Also propane, cell phone charger for the car, food, and 30 gal of spring water (6X 5gal bottles). I didn't have a generator but I did have a battery pack (like for jumping a car with an outlet on it) and an adaptor for the car to charge my laptop and battery pack. Last but not least a loaded shot gun and a very handy pocket knife. Depending on where you are you may want to board up your windows as well. If flooding happens it will recede rapidly 1-7 days unless the situation is like NO which has many parts far below sea level.

Make sure that all your ice cube trays are full and if you have room in your freezer buy several 20lb bags to keep your food for a few days while you consume the perishables.

Or just evacuate (throw away all your food in the fridge and freezer, unplug and leave it open before you leave also turn off the main gas line and main water line)- but don't forget extra gasoline cans in the trunk just in case
As a courtesy leave any supplies/food you don't take with you to your neighbors- that will help keep looters out of your place.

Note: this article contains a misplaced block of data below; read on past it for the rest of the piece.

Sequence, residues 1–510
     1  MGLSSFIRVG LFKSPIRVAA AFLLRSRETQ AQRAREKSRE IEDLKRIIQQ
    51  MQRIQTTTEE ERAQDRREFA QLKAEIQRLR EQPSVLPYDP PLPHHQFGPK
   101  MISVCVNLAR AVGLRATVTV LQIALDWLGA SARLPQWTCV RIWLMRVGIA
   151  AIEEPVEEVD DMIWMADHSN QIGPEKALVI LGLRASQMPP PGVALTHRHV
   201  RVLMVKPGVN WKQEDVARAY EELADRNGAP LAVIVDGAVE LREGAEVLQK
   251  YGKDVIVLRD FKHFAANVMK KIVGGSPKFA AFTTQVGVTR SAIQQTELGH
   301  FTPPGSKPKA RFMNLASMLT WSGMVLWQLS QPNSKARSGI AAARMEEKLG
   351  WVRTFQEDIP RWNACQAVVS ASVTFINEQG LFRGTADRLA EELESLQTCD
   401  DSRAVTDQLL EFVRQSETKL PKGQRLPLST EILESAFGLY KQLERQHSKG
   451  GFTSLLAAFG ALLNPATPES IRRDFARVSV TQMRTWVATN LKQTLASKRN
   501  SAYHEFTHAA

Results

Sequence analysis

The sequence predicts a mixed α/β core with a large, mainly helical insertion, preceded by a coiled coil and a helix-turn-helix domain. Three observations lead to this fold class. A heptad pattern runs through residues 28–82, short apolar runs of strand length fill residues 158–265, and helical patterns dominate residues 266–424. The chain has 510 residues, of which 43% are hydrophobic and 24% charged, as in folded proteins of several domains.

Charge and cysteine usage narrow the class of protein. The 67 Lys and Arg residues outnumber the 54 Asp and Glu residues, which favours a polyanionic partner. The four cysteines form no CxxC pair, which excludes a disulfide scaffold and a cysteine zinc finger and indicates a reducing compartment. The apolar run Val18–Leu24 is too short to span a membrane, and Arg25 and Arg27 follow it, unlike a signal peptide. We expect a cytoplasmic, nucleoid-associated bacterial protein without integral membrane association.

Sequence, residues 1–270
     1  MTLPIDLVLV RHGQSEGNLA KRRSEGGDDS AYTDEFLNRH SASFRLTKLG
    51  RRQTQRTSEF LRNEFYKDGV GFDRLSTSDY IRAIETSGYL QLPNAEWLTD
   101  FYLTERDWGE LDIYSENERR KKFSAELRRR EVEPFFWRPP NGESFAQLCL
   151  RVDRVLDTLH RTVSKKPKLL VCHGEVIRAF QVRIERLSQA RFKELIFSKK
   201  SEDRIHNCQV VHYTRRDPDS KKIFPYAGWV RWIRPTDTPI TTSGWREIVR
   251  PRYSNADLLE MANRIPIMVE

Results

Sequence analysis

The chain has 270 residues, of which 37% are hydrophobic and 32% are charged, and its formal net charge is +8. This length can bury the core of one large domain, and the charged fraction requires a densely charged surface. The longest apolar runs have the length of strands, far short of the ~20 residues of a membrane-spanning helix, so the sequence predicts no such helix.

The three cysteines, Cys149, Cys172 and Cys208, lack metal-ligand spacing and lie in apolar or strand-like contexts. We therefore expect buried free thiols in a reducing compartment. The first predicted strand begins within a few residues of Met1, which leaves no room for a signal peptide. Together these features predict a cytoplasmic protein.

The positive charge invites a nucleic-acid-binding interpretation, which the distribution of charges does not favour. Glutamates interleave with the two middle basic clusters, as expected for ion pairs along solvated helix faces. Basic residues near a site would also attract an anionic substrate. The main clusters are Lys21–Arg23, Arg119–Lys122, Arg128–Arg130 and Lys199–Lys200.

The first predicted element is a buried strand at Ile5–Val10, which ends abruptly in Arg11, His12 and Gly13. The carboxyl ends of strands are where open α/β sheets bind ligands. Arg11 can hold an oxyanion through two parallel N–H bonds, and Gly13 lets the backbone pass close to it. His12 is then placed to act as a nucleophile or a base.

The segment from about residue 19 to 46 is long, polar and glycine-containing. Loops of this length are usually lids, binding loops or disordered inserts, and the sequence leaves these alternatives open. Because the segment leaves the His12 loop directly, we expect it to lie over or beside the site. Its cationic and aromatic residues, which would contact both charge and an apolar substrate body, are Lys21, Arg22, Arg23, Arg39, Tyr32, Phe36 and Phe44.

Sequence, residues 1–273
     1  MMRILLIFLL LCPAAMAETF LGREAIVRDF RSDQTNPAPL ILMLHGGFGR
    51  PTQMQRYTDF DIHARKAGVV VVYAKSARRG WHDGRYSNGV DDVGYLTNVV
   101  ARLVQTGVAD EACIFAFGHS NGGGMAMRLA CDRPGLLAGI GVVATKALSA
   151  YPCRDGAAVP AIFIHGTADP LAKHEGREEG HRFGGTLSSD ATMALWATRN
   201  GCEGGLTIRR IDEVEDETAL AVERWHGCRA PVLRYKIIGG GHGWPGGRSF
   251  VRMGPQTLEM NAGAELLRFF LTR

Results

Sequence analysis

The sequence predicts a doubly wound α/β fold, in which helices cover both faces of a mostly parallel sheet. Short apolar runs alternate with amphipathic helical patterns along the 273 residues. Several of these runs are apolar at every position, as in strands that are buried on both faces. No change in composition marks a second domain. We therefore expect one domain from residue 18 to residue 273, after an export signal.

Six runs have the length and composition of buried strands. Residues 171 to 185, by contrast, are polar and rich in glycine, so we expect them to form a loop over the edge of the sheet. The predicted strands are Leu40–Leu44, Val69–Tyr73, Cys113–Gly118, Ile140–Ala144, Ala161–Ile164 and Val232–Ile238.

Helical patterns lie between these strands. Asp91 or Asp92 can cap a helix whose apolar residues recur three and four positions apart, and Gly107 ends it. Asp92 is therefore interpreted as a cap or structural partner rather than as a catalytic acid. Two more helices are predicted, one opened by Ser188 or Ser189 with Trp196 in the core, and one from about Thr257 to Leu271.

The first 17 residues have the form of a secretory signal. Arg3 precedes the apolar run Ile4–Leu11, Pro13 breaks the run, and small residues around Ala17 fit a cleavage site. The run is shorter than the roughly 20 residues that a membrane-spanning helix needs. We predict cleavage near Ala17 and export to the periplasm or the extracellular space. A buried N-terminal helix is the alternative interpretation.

I wish you luck



posted on Aug, 30 2010 @ 07:41 PM
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Another thing, turn off your main breaker to utility company, or pull the meter, if you have a gen, this will prevent feedback(which will blow your power back out as soon as it comes back on), this also prevents feedback from damaging your home from the idiot down the road who has the big diesel gen set, and doesn't turn off the main or pull his meter. This is also the major cause of injury to utility workers after a big storm, getting hit by feedback from gen sets.

I also fill up every container, pot, clean storage medium and bathtub with water, boiled it will be fine.
A 5 gallon bucket makes for a great portable toilet, and is easy to keep clean. prevents using the pressure in your tank if you're on a well.

I also keep plenty of charcoal, and when storm is approaching, I gather wood and bring it inside to keep it dry. I am going to eat. A large dutch oven, or heavy cast aluminum pot with an old metal reefer shelf will work great as a miniature grill( and doesn't take much charcoal).

just some helpful hints.

[edit on 30/8/2010 by Pappa_Bear]